Shetland Sheep: Rich in History, Rich in Textiles

Shetland Sheep: Rich in History, Rich in Textiles! Our farm mission is to enjoy and promote the wonderful diversity of the Shetland breed by fully utilizing to the best of our ability all they have to offer historically. We believe the best preservation and management of this breed includes it's full spectrum of history. We encourage old and new shepherds alike to join in the fun by engaging in fiber arts, especially spinning and knitting, as this breed is so intimately linked with those aspects of the arts.

Wednesday, June 1, 2011

More Cat's Paw and hodgepodge

Whooaaoooooaaa! We're getting absolutely blasted by days of ridiculous wind. Good thing Shetland sheep don't blow away. In fact, they're unfazed. Oh, but my poor little tomato and pepper transplants! I have them protected, sheltered, and watered as needed with warm water from the stock tank....but poor little plants! I still haven't planted my front planters, for the wind has just been too much for sweet little flowers. In the meantime, Annabelle (our other sheep dog) just has to suffer. Her contribution to the garden is to give up her favorite window seat for transplants.

So back to Cat's Paw lace for a moment. Did you know the word lace can be used in two different ways? First, lace can be used to describe a kind of knitting. I like to call it...making holes in your knitting on purpose! Lace knitting is open, airy, and warm to wear, contrary to a hole-filled impression.

Cat's Paw Lace...the Shetland Island's version, with added trim

Secondly, the word lace can be used to describe gauge in a yarn. In some parts of the world, lace gauge nearly requires a microscope to see it. Things made from this weight of yarn are stunning. Here in America, most lace knitting is of a larger, but still tiny gauge.

My Cat's Paw lace was made using the traditional Shetland Island pattern and is constructed with a light worsted two-ply yarn. I wear it under the collar of my blue and black coat, now designated as nice barn wear (thanks to Swifty's tooth). This scarf is strong enough for chores, yet very light and soft. It goes dressy with a change of coat. That's what I like about Shetland yarn!!!! It's like a chameleon...always taking on the color of the situation. Need dressy? It does that! Need dining out in cold restaurant? It does that! Need something for church? It does that! Need something for the drafty meeting room? It does that! Need something for the barn? It does that! Need something for a gift? It does that!! Need something for that grown son, or son-in-law, or hubby, or brother? It does that (well, maybe not Cat's Paw :)!! Need something for your boss that will be cherished? It does that!! Our yarns come in many natural colors and would make GREAT fiber for Cat's Paw lace! (That is...THE genuine, real Shetland fiber.)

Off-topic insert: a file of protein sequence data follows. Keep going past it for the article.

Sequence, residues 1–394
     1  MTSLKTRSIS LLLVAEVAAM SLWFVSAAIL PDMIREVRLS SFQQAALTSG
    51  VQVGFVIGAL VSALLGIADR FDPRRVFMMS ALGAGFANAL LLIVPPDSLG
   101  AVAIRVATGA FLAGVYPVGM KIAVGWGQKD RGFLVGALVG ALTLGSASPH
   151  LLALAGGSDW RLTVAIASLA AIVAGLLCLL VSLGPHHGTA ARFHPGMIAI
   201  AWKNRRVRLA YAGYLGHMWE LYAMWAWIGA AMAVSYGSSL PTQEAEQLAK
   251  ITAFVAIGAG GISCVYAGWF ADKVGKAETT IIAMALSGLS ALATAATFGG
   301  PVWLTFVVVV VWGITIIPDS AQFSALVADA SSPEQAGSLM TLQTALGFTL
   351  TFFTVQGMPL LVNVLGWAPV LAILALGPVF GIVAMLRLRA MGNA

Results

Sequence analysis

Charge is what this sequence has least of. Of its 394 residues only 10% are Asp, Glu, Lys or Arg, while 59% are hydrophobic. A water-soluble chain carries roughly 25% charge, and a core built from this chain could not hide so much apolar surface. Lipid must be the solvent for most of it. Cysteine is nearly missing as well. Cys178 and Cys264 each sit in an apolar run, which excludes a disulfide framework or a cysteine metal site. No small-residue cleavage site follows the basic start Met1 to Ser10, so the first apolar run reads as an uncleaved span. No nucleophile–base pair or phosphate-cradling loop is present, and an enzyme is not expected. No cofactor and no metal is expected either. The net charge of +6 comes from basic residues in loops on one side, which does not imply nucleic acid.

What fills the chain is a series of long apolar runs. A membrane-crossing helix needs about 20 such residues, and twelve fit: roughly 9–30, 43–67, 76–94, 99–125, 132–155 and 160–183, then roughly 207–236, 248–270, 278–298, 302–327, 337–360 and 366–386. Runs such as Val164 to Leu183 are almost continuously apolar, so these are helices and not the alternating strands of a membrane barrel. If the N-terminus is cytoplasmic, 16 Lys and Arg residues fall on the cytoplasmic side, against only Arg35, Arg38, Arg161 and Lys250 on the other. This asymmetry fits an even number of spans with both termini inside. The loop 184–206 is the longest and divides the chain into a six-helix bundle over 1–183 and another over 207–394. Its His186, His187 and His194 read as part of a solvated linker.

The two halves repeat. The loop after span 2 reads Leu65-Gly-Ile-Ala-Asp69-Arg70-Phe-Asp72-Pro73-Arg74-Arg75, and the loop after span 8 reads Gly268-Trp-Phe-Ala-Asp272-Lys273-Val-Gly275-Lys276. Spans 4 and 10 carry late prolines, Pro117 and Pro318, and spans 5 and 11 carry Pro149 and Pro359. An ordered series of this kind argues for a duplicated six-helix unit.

If you'd like to make something using the Cat's Paw pattern, you can do a search on the internet for a multitude of variations of this pattern. Many knitting dictionaries also carry some version of this pattern. Cat's Paw can be the whole piece, or the pattern can be embeded into a piece with other designs in it.

Now for the rest of hodgepodge. Swifty came in a couple of nights ago reeking of something awful! My first thought before I knew what was going on, was something's on fire! Gunpowder came to mind....but it was just my dog! It was sooooo strong, we thought he'd been sprayed by a skunk...perhaps the one currently dining on our chicken feed in early evenings??? No, it wasn't that. Well, it's been so warm and frogs are everywhere, did he get a toad?? So we shooed him outside and rinsed his mouth out as best we could. What a good boy he is!! He seemed to understand. What we forgot in our worry was WE reeked!!!!! The smell was now all over our clothes! Showers! Laundry AGAIN!!! By morning, his reeking had greatly subsided. I had fretted all night...should I call his vet? Is he poisoned? Drooling? Foaming? Vomiting? Convulsing? Uncoordinated? Passing out? Nothing, just reek! By the afternoon, the smell was nearly gone. So we know it wasn't that skunk....we never found a dead toad.....and Swifty is VERY grateful to go in the safety of his kennel and boy!...he won't go near the woods! Problem solved, never identified.

Dead Chicken?

No, no dead chickens! That's Mable, rolling in the dirt. Sure feels good! I'm very glad chickens do their own laundry.....and that's Penny next to her. I adore Penny (and Mable, too). Penny is six years old now, and still lays some days. She's a beautiful hen. Mable lays beautiful eggs, too.
Mmmm! Early spring grass!
And finally, grass! The sheep love their pasture! This is what it looked like here back in April, as some in my flock gather to graze.

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